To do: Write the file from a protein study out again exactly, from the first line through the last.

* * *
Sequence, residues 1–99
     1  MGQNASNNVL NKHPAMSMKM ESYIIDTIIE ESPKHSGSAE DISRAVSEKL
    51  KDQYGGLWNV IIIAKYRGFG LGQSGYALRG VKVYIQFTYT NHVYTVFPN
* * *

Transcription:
Sequence, residues 1–99
     1  MGQNASNNVL NKHPAMSMKM ESYIIDTIIE ESPKHSGSAE DISRAVSEKL
    51  KDQYGGLWNV IIIAKYRGFG LGQSGYALRG VKVYIQFTYT NHVYTVFPN